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6 Things: Linden's shoes

Thursday, 10.02.2011 / 2:30 PM / Features
By Derek Jory
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6 Things: Linden\'s shoes

If you’ve visited the Hall of Heroes outside section 316 at Rogers Arena, you know there’s a lot to see.

When it comes to Trevor Linden, the exclusive and authentic memorabilia is endless. From his iconic black helmet and last game stick, to a minor hockey league photo from 1982 and a World Jr. Championship gold medal from 1988, there’s something to spark the wow factor in everyone.

Dig a little deeper and there’s a true Linden gem, an Easter egg if you will, to be seen inside his actual locker, containing his actual equipment, from his last game on April 5, 2008. Lift up the bench and you’ll discover a pair of Nike Air Diamond Fury shoes, which Linden is believed to have worn to every single NHL game he ever played.

As you’d expect, after playing 1,382 games, the Nikes aren’t as fresh and clean as they once were; they’re ratty, worn, frayed and faded, logos are missing and were it not for the Plexiglas keeping them safe in the Hall of Heroes, odds are pretty good they would smell to high heaven – or maybe not?

Here are six things you should know about Linden’s shoes.

THE BACKSTORY

“I think they were team issue shoes a long long time ago, I can’t really remember when,” said Linden. “We always got the team issue shoes and I always used to tell the trainers every year when they went to give me new shoes, ‘these ones are fine, there’s nothing wrong with these shoes. I can use these shoes, I don’t need new shoes, I’ve got good shoes.’ So every year Nike would give us new shoes and I was just happy with the ones I had, so I just kept wearing them.”

AWESOME ADDITIONS

“The patches on the front of both shoes are add-ons because I blew the toes out and then Darren Granger [former assistant equipment manager] put the patches on and then even the patches started coming off, that’s when they were really at their life’s end. Those shoes didn’t owe me a thing.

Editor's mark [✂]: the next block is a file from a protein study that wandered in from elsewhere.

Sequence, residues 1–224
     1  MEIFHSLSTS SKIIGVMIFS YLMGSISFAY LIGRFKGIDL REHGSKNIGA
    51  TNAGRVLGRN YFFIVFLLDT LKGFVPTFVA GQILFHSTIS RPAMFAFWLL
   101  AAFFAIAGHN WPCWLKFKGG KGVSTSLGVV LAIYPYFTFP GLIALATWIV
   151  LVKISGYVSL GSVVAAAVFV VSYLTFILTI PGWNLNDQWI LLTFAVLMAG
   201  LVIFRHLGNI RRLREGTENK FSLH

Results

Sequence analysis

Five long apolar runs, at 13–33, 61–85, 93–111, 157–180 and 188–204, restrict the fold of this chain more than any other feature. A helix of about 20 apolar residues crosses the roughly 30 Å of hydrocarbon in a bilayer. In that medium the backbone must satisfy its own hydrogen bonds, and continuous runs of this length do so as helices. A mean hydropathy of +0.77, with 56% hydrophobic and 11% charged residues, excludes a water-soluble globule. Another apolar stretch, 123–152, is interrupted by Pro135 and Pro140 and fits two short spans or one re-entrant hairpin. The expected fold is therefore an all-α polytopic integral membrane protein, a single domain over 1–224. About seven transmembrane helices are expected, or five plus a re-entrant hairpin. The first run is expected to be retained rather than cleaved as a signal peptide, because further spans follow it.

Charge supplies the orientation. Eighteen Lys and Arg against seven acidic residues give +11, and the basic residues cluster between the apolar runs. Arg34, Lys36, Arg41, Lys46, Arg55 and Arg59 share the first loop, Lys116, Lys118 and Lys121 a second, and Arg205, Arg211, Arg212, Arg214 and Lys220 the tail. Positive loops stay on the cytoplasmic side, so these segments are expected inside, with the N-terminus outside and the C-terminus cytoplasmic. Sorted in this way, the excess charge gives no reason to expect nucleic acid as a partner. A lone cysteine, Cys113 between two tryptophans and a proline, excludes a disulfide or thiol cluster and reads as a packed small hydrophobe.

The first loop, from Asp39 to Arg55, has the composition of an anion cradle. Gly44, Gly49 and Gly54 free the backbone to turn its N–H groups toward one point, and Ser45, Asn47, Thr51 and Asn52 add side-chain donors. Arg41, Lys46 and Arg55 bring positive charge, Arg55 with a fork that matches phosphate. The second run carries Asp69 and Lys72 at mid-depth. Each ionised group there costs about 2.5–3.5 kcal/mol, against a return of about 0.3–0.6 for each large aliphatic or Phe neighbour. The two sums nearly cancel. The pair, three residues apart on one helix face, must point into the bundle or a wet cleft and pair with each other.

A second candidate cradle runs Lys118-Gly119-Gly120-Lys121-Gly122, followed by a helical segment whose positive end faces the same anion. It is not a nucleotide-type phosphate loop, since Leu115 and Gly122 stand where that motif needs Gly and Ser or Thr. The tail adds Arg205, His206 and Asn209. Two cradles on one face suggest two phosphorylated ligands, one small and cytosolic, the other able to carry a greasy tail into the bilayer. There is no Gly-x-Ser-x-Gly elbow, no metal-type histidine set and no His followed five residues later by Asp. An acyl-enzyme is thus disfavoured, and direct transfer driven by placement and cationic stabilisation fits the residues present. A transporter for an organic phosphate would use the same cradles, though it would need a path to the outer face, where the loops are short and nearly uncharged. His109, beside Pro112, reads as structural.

“When they got the hockey laces put in, that’s when they really became super cool. I think it was when I came back to Vancouver, I put hockey laces in and then they really became amazing.”

FINE, BUT I KEEP THE SHOES

“Yes, they went with me when I was traded and then they came back. I went away for four years and came back with the same old shoes, so then it became a bit of a joke, the trainers were trying to get rid of them and I always had to make sure my precious shoes made it to every road trip and everything else. It was kind of humourous. It was just one of those things, if you’ve got a good old pair of shoes, you just keep wearing them. Right? If they aren’t broke, don’t fix them.

“They meant a lot to me, they were kind of like... maybe I guess it’s like that blanket that a toddler has, it’s that little bit of safety, that one thing that always stayed the same was those shoes.”

ODOR-LESS?

Editor’s Note: I am thorough and exhaustive in my research so yes, I took a big whiff of each shoe. Expecting the worst, I was pleasantly surprised when the results came back negative for stank. After all those years, Linden’s shoes don’t stink.

“That’s a very good question, I have no idea why they don’t stink. There’s no reason why they shouldn’t. Maybe it’s because those shoes were mostly worn before games, they spent a lot of time in the stick room and a lot of time in different meetings and in the training room, they weren’t really training shoes, during the season you’re not doing any significant training so they were just kind of my hanging out shoes. It’s not like I was sweating profusely in them or anything like that.”

TIME TO SAY GOODBYE

“They are very worn now, but they were in better shape when Darren Granger was here because he gave them a little TLC, he put the patches on the toes and he kind of looked after them. Then when Darren left I couldn’t get anyone on the equipment training staff to doctor them up anymore, so they got looking pretty shabby and that’s one of the reasons I had to retire them.”

LOST AND FOUND

“I thought they came with me when I retired, Pat O’Neill gave me my equipment when I left, he said ‘take this stuff, we don’t want it anymore,’ so I took it home and I thought the shoes were in there. Obviously they’re not. Good to see them end up in the Hall of Heroes, that’s where they deserve to be.”

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Check out more exclusive pictures of Linden’s shoes at Fortnucks.com.